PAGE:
By Stacey Dresner | photos by Steven Laschever photography
WEST HARTFORD – The Torah instructs the Jewish people to care for the stranger no fewer than 36 times – perhaps most notably in the verse, “You shall not oppress a stranger, since you yourselves know the feelings of a stranger, for you also were strangers in the land of Egypt” (Exodus 23:9).
And we’re not alone.
“Every faith group in the world has sources that talk about ‘welcoming the stranger’ in some fashion,” says David Jacobs, executive director of the Mandell Jewish Community Center in West Hartford. “It’s a universal concept. Whether it’s a place like a community center, like the JCC, or the Science Center, soup kitchens, shelters, or houses of worship – they all welcome people in some fashion.”
That universal message of welcoming the stranger is the theme of a new art exhibit, “Under One Roof: Welcoming the Stranger,” at the Chase Family Gallery of the Mandell JCC in West Hartford, on display through Nov. 15.
Spearheaded by the JCC, the exhibit features artwork created by the clients, staff and members of 47 Greater Hartford agencies and organizations – Jewish agencies, houses of worship, social service organizations and other non-profits. Each work represents what “Welcoming the Stranger” means to each agency or organization.
“We are bringing together, ‘under one roof,’ artistic expressions, perspectives and ideas, from throughout the Greater Hartford community,” Jacobs says.
The JCC launched the project last Passover when Jacobs invited area organizations to create its own work of art. Each participating organization received a 3-foot by 4-foot canvas upon which to artistically express the exhibit’s theme. Each group received a $50 gift card from Jerry’s Artarama in West Hartford to help purchase supplies. The artists used a variety of different materials on their canvases – paint, ink, photographs, paper, feathers, wood and different techniques, like collage and decoupage.
The exhibit was installed in the JCC’s gallery earlier this month.
“Every time one comes in it seems somebody is crying. They are just so powerful,” Jacobs said. “It has just been such an amazing experience developing the program and then seeing how these 47 different agencies fulfilled it. In many cases it was transformative, because they were able to pull together groups of people they otherwise might never have worked with.”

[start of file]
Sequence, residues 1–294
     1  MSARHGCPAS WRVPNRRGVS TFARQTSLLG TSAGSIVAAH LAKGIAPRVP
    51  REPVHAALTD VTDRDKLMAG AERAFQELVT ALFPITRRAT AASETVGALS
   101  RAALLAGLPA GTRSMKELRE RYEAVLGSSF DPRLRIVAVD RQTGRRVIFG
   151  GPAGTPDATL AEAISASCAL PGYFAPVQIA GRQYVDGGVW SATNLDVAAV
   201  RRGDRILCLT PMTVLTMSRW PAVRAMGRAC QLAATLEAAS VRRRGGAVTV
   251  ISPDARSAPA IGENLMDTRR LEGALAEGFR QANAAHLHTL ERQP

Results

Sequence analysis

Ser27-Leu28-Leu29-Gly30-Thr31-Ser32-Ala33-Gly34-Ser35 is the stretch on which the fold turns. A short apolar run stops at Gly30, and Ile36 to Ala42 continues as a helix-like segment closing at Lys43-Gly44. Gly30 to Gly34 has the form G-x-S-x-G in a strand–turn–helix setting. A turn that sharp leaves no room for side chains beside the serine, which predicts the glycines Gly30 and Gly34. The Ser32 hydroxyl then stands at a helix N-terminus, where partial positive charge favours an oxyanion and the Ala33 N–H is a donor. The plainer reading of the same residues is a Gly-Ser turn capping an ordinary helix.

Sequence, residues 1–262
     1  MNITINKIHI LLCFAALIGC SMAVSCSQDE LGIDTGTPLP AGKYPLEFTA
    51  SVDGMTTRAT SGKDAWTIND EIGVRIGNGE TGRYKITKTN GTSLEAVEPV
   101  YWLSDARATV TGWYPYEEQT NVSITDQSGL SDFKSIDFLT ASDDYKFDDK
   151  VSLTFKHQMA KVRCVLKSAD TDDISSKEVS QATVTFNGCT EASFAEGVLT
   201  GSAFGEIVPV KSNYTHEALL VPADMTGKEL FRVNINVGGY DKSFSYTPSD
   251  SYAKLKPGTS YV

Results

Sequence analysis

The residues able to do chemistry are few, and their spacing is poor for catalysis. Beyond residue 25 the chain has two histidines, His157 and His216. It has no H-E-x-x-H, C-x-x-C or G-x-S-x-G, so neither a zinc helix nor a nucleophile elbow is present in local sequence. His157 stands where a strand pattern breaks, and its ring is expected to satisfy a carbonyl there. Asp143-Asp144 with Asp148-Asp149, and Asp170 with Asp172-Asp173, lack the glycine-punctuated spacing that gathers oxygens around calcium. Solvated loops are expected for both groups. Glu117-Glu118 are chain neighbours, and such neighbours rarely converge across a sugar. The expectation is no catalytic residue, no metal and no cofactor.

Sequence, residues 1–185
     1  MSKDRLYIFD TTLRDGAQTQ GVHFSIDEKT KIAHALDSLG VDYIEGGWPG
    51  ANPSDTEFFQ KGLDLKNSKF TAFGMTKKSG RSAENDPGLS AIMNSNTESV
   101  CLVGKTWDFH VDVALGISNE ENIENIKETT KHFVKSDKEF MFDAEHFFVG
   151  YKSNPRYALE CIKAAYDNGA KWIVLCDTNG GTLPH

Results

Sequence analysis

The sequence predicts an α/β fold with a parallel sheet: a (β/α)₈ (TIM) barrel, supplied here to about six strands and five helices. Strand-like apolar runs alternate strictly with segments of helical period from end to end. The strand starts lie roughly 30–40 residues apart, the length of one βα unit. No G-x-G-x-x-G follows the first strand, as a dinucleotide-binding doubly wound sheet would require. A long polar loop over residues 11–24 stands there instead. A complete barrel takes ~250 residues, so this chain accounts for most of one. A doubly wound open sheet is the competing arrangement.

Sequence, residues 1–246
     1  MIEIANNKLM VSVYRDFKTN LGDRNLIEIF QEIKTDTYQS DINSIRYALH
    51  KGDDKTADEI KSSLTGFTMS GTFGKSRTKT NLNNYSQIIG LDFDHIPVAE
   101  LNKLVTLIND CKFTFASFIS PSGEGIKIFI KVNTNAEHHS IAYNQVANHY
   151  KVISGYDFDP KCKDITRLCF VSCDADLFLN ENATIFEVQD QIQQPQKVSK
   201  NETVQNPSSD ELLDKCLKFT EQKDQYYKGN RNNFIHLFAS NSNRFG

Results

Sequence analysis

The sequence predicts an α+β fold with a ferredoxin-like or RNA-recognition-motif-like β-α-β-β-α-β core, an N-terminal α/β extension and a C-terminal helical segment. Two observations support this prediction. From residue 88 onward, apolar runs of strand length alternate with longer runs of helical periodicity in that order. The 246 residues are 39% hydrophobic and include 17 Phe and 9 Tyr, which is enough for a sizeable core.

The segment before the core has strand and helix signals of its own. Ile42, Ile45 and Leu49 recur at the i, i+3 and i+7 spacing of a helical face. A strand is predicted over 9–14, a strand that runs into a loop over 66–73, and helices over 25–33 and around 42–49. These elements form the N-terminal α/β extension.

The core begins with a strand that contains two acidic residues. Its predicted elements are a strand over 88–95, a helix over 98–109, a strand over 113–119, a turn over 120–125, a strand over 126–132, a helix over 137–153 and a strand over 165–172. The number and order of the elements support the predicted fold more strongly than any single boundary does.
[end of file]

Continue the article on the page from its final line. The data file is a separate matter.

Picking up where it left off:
Jacobs got the idea for the exhibit when he visited the JCC in Nashville, Tennessee.
“They had this project there in a much smaller form… I loved the idea so much that I brought it back and we adapted it to work for us,” says Jacobs.
The exhibit was installed just prior to the holiday of Sukkot, the fall festival that commemorates the gathering of the harvest and recalls the temporary shelters – the sukkot – that the Israelites built as they wandered in the desert after the exodus from Egypt.
Jacobs was inspired to transform the JCC’s art gallery into something he calls “sukkah-esque”, with a makeshift loosely thatched roof created on the ceiling of the gallery to represent a sukkah-covering letting in the open sky.
“The sukkah reminds us of the fragility and temporary essence of life,” says Jacobs. “It helps us focus on those things which are truly important, while also allowing us to create social connections throughout all of our communities.”
Each participating organization came up with its own interpretation of what “Welcoming the Stranger” means to them.
One of the groups participating is The American Place (TAP) program at the Hartford Public Library and its Linking Learning, Belonging, and Community (LLBC) program.
“I run an afterschool program for immigrant and refugee teenagers,” says Michele Brophy, coordinator of LLBC. “We have a six-week summer program [and the library’s leadership] thought it would be an ideal project for my students over the summer and I agreed 100 percent, especially because the topic of welcoming the stranger was so relevant for them in their own lives, as recent immigrants and refugees to a new country.”